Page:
The United States currently employs armed unmanned aerial vehicles (UAVs), commonly known as drones, in targeted killing military operations. The flight path of UAVs is either controlled autonomously by computer systems in the drone itself, via the remote control of a navigator, or by a pilot on the ground or in another vehicle. Here, two professors debate the question: Is the use of drones for targeted killings ethical?
The right to life in war and peace: A legal and moral critique of targeted killing
Since 2002, the United States has conducted a relentless campaign of killing persons using military force outside of zones of armed conflict. President Obama has since increased the pace of killing dramatically and has expanded the authorized targets to persons or groups, including Americans, acting suspiciously in certain countries. To distinguish such killing from assassination, the term “targeted killing” is often used.
At the time of writing, as many as 4,400 people have been killed by the United States intentionally or unintentionally in targeted killing operations, many of which operations are executed by armed unmanned aerial vehicles (UAVs).
How should we assess this killing and the growing capacity and interest in killing far from armed conflict zones? Neither law nor morality condones killing people suspected of involvement in terrorism. It may seem to the president that using force in such a situation is justified morally despite the law but such an assumption ignores the fact that the law restricting the use of force is derived from fundamental moral and ethical considerations.
Contemporary rules on the use of force may be traced to the Just War Theories of Saints Augustine and Aquinas. Augustine drew on Aristotle and Cicero for the conception that peace is the normal state and that violence is justified only to restore peace. Moral philosophers continue to teach that the taking of human life may only be justified to protect human life. In other words, the exceptional right to resort to force rests squarely on a justification of necessity. Law and philosophy guide us in understanding what necessity means in the context of justifiable force.
To support these statements, I need to begin with the fundamental, legal and moral principle of the human right to life. This is a fundamental, if not the most fundamental legal and moral principle. It is reflected in the Decalogue in the commandment not to kill and throughout the Gospel in Christ’s teaching to love one’s neighbor, to turn the other cheek, to put away swords, and to seek peace.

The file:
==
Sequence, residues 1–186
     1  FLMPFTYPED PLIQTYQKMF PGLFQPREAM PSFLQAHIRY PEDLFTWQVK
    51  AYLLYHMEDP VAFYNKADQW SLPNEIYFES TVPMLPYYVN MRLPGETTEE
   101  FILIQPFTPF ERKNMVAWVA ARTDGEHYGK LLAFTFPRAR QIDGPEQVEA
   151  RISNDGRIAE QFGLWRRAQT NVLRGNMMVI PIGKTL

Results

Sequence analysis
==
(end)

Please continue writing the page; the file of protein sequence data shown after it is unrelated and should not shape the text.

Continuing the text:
In current international law, the right to life is affirmed in all human rights treaties, including, most importantly, the International Covenant on Civil and Political Rights, Article 6: “Every human being has the inherent right to life. This right shall be protected by law. No one shall be arbitrarily deprived of his right to life.”
The affirmative right to life is where we begin. The justification for any intentional taking of life is found in exceptions to the basic right. And, as is appropriate, the justifications are narrow.
In peace, a state may only take a human life when, according to the European Court of Human Rights in the case of McCann v United Kingdom, it is: “absolutely necessary in the defence of persons from unlawful violence.”
Only when the violence amounted to an armed conflict could the use of missiles, bombs, tanks, grenades, and the like become permissible. When excessive use of force outside of armed conflict zones is significant it also violates jus cogens norms. Widespread killing not justified by absolute necessity in peace or reasonable necessity in armed conflict would qualify as murder according to jus cogens norms. This is the type of killing associated with death squads, but could also be the taking of 4,400 lives over ten years far from armed conflict zones.
Within the teaching of the Roman Catholic Church, there is no room for expanding the justifications to kill. My Church has supported with passion and eloquence the establishment of a peace order through international law and institutions against war. In 1963, Pope John XXIII issued his powerful encyclical, Pacem in Terris, in which he extolled the United Nations and its Charter rules against resort to military force. In 1965, Pope Paul VI pleaded at the United Nations for “[n]o more war, war never again! Peace, it is peace which must guide the destinies of people and of all mankind.”
The moral and religious case against expanding the right to kill seems unassailable, but if it were, would counter-terrorism experts be able to make the case that such killing is effective in preventing terrorism? In law, ethics and effectiveness are integral in assessing legality. A large number of dead is not, of course, a criterion of success. Both President Bush and Obama have indicated that this killing is being carried out to suppress terrorism. For this goal, however, independent counter-terrorism experts provide evidence that killing of this kind does not have longer-term positive effects.
Words – “propaganda” in the terminology of the major public – have led to the popularity in the United States of killing terrorism suspects. This is sad to acknowledge given President Obama’s public commitment to Christianity, his years as a law professor, his elite education, his experience in international relations, and, of course, his receipt of the Nobel Peace Prize. But it is the reality.